[0064] However, in actual design of those apparatus, it can sometimes be difficult to arrange a plurality of substrates in such a manner that they have rotational symmetry to the central axis. Further, in such constructions, it can sometimes be difficult to mount or dismount substrates on or from a substrate holder. In such cases, a plurality of substrates can be arranged and divided to a plurality of groups of substrates in such a manner that the substrates in each group are arranged parallel to each other, and then the groups of substrate are arranged in such a manner as to have rotational symmetry to the central axis. Such a construction produces almost the same effect as described above on the generation of the solution circulation. In this case, too, the groups of substrates can be arranged along a plurality of circumferences; specifically, the constructions are as shown in FIGS. 18 to 20, FIGS. 21 to 23, and FIGS. 24 to 26. In each group of the figures includes a perspective view, a side view and a top plan view of the same apparatus.

[0065] In the production method of the semiconductor thin films of the present invention, as a solvent for use in preparing a solution containing a semiconductor, metals such as In, Sn, Al, Cu and Ga can be used. And the types of the semiconductor thin films producible include, for example, not only Si but also compound semiconductors such as GaAlAs, InGaAsP, GaP, GaAsP and HgCdTe.

[0066] Further, in the production method of the semiconductor thin films of the present invention, as materials of the substrate subjected to epitaxial growth of semiconductor thin films, not only semiconductor substrates such as Si, InP, GaP and CdTe but also metallurgical grade Si substrate, metal substrates such as ceramic substrate and SUS substrate, and dissimilar materials such as glass may be used. The substrate may take the form not only of a circular wafer but also of a rectangle.

[0067] The products produced according to the method for producing semiconductor thin films of the present invention include. for example, solar cells, SOI substrates, epitaxial wafers and light-emitting diodes.

[0068] The examples of the present invention will be described below. Example 1 is a production example of a solar cell, characterized in that single-crystalline silicon thin films are grown on a plurality of substrates while providing a reciprocating motion on a straight line to the plurality of substrates in a solution. Example 2 is a production example of an epitaxial wafer, characterized in that single-crystalline silicon thin films are grown on a plurality of substrates while providing a rotational motion to the plurality of substrates in a solution. Example 3 is also a production example of an epitaxial wafer. Example 4 is a production example of a light-emitting diode, characterized in that compound semiconductor thin films are grown on a plurality of substrates while providing a rotational motion to the plurality of substrates in a solution. It is to be understood that the present invention is not limited to the examples described below but is intended to embrace examples which are the combinations of any of the examples described below.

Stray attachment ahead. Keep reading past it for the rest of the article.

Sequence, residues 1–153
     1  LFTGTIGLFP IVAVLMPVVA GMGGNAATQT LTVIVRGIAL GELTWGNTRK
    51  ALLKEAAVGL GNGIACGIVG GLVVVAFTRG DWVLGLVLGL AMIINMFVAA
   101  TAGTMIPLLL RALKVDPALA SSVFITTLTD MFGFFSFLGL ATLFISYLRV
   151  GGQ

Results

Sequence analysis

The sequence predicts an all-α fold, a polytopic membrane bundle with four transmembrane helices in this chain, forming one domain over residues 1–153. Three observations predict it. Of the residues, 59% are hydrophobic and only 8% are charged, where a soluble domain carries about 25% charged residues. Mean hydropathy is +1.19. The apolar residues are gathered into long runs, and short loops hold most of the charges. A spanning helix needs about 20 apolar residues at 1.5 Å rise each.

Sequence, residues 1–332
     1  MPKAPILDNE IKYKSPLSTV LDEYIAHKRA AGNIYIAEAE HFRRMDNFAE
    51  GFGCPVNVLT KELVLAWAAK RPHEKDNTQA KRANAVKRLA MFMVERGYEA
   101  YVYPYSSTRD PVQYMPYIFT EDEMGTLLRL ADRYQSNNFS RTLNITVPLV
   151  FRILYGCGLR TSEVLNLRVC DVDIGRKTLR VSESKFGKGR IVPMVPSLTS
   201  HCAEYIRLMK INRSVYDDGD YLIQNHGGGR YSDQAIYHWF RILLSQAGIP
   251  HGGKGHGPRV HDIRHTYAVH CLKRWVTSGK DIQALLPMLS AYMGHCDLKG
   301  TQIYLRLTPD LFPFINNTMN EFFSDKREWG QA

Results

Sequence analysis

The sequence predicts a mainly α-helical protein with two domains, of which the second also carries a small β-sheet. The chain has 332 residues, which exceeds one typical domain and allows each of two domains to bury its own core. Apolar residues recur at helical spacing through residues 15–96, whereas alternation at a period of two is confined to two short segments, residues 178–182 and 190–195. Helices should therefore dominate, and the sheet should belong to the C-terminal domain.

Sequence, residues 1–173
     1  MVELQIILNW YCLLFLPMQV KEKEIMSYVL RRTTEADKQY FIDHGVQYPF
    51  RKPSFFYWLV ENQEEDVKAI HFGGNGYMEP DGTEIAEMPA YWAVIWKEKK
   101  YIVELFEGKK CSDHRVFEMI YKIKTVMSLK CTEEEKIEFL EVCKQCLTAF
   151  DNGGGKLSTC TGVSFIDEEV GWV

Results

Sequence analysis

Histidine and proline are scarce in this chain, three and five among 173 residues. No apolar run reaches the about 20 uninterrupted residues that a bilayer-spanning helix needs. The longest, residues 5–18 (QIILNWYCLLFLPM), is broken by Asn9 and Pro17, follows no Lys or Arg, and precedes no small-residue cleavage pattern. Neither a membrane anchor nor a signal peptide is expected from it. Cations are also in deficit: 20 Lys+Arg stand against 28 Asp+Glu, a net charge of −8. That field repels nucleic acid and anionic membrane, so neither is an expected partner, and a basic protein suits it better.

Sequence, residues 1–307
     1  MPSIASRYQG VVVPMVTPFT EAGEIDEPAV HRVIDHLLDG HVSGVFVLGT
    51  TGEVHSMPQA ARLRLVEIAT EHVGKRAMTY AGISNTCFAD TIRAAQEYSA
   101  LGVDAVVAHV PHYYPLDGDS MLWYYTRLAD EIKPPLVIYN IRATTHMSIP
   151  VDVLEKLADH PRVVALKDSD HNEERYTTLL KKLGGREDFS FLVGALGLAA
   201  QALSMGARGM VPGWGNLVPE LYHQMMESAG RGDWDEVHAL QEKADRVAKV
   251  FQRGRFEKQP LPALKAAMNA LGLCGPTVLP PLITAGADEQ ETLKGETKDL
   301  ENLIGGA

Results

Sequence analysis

[0069] In each example of the present invention, the same parts and the parts corresponding to each other will be denoted by the same reference numerals.

EXAMPLE 1

[0070] This example is a production example of a solar cell, characterized in that single-crystalline silicon thin films are grown on a plurality of substrates while providing, in a solution, a linear motion to the plurality of substrates held in such a manner that the angle between the normal line on the central portion of the growing surface of each substrate and the direction of the substrate movement is set to a predetermined value. FIG. 5 is a sectional view of the liquid phase growth apparatus in accordance with this example of the invention. This liquid phase growth apparatus is mounted with a mechanism which provides a reciprocating motion in the horizontal direction to the plurality of substrates, whereby the flow of the solution is created.

[0071] The above liquid phase growth apparatus includes a quartz reaction tube 7 in which a crucible 6 filled with a metal solution 5 is provided. The crucible 6 is a quartz glass container. Above the crucible 6, a substrate holder introducing rod 4 is arranged which is equipped with a up-and-down mechanism for dipping the substrates in the metal solution 5 and a mechanism for moving the substrates right and left in the solution. To the substrate holder introducing rod 4 is connected a substrate holder 1 capable of holding five substrates which holds the substrates in such a manner that the normal line defined on the growing surface of each substrate makes the angle of 45 degrees with respect to the horizontal line. Reference numeral 8 denotes a heater. A dissolving substrate as means for dissolving a semiconductor solute in the metal solution can be mounted on the same holder for holding the substrates for growth, and the solute is supplied by dipping the dissolving substrate in the metal solution before starting the growth of semiconductor thin films.